NEW YORK (TheStreet) -- The mortgage industry is in for several changes in 2014, with new rules going into effect, interest rates poised to move higher and a new head at the Federal Housing Finance Agency, regulator of bailed-out housing finance giants Fannie Mae (FNMA) and Freddie Mac (FMCC).
The outlook for mortgage credit, therefore, is rather cloudy. On the one hand, banks might take time to adjust to the new rules, which could curtail credit.
On the other, clarity around new rules and a broad push by Washington to ease access to credit for more borrowers could lead to some loosening in mortgage lending standards.
Beginning this year, lenders will be prohibited from extending mortgages to borrowers who cannot afford a mortgage under the Consumer Financial Protection Bureau's new ability-to-pay rules.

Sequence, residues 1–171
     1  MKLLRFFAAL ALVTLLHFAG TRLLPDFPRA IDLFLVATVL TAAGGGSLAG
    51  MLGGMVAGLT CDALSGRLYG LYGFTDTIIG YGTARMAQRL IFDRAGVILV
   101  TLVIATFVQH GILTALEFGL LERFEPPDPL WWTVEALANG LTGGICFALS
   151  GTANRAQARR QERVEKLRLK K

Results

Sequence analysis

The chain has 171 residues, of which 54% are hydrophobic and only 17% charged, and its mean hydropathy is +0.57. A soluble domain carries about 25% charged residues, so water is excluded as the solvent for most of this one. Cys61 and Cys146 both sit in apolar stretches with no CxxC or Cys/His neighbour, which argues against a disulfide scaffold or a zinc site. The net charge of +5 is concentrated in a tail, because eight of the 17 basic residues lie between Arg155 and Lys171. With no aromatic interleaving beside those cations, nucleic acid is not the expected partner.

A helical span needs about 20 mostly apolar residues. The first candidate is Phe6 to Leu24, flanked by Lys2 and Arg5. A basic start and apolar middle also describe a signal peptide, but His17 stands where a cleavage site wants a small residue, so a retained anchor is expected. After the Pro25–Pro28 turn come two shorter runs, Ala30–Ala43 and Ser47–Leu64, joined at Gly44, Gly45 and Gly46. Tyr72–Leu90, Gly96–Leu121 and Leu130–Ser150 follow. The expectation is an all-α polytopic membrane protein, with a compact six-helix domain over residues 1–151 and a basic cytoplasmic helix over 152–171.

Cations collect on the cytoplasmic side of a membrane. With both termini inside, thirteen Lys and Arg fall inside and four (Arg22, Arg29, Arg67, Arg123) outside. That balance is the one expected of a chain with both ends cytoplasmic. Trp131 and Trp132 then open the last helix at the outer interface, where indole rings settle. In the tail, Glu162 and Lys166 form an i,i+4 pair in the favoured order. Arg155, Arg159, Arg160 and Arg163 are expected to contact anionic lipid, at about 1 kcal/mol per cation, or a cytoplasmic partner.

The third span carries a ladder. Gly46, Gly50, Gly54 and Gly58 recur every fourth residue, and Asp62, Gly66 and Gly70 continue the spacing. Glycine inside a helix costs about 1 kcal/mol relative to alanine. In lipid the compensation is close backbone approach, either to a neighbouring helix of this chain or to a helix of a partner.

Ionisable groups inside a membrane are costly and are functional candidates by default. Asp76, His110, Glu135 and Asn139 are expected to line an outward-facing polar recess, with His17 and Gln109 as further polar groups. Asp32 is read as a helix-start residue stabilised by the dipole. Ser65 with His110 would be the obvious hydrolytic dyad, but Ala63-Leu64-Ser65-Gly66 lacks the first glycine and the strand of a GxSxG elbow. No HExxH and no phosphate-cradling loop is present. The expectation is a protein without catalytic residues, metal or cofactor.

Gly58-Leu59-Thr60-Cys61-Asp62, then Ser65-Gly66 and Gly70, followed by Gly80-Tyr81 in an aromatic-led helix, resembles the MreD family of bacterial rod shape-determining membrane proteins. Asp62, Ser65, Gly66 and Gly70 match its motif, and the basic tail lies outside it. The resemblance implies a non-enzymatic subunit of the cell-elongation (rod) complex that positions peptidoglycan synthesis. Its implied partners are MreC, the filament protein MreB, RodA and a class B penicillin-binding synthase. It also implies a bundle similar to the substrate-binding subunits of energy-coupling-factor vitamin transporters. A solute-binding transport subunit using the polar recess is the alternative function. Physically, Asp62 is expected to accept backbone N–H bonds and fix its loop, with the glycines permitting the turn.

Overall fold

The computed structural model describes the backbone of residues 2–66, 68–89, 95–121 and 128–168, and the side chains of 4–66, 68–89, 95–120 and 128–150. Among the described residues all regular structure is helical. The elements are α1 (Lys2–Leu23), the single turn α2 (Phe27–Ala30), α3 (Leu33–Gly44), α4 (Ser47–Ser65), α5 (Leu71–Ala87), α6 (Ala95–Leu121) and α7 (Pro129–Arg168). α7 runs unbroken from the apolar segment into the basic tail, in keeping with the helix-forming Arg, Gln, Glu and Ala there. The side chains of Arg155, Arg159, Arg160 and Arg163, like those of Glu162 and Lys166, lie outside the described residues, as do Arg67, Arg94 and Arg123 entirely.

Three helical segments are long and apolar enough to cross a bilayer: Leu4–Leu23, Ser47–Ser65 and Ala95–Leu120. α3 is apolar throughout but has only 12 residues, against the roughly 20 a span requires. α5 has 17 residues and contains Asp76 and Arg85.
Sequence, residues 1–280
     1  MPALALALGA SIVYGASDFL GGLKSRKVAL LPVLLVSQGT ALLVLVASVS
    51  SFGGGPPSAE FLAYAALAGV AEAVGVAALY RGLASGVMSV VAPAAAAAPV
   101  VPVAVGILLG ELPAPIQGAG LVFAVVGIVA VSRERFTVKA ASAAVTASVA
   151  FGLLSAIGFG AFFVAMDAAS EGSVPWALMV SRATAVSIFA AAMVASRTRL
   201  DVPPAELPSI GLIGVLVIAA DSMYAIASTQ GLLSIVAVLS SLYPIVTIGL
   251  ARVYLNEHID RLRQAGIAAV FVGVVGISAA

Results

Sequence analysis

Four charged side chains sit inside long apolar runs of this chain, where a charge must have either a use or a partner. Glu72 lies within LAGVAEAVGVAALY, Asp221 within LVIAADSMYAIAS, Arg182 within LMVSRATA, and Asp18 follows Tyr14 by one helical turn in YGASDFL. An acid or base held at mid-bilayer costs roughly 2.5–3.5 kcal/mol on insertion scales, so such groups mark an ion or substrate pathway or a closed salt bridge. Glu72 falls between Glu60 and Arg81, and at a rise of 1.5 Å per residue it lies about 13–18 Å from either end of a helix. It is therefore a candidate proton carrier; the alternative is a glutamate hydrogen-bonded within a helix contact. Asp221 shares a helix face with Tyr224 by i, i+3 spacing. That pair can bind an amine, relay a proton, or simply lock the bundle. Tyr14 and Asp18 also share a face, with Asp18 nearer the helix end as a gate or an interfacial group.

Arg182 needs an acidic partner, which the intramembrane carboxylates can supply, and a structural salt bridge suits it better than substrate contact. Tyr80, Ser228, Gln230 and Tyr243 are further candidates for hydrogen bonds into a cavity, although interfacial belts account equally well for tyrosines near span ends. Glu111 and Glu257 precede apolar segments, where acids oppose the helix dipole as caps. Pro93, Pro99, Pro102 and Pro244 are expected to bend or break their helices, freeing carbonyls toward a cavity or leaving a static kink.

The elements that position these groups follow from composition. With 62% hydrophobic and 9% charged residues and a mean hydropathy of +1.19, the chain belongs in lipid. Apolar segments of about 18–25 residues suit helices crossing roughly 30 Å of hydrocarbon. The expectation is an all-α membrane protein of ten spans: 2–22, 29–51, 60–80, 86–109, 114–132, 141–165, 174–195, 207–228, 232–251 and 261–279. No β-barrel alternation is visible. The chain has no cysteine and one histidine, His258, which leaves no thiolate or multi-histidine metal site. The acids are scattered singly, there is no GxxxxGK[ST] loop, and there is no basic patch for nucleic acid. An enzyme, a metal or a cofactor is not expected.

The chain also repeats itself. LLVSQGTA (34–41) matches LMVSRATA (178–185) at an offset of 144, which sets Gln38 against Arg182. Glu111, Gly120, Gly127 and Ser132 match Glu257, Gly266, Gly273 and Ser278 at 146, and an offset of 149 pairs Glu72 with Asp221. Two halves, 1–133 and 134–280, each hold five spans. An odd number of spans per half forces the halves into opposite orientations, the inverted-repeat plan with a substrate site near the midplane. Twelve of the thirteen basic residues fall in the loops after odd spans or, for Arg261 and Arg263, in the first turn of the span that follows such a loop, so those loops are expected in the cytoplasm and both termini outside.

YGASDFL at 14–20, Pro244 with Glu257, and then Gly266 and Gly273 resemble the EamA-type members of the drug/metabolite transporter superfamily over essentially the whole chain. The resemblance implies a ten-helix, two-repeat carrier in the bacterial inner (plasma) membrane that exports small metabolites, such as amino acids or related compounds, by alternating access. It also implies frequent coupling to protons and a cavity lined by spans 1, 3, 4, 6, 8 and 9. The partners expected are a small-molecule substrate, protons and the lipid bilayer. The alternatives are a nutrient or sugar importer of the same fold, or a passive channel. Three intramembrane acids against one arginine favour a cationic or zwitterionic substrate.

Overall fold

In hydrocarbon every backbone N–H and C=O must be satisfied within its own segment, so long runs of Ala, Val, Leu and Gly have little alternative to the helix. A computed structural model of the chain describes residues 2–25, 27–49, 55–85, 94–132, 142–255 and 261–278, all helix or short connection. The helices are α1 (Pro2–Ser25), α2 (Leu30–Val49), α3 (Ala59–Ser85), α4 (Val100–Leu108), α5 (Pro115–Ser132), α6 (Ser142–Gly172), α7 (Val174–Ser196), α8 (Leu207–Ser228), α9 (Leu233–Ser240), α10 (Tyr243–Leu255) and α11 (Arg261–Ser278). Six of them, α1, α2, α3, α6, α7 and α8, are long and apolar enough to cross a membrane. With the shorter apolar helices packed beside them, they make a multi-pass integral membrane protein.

Abusive lending practices that were widely prevalent in the boom days such as negative amortization loans and mortgages with a term greater than 30 years would be effectively banned.
Banks will instead receive greater protection if they make so-called qualified mortgages, which, among other things, limit the amount of debt a borrower can assume to 43% of his income.
And there could be more rules that force banks to retain a certain amount of the mortgages they originate on their balance sheet in order to rein in risky lending practices.
Still, while there have been fears that the new rules would severely curtail credit -- by some estimates, about half of the mortgage market could be eliminated in the long run -- the impact of these rules in the near term is relatively benign.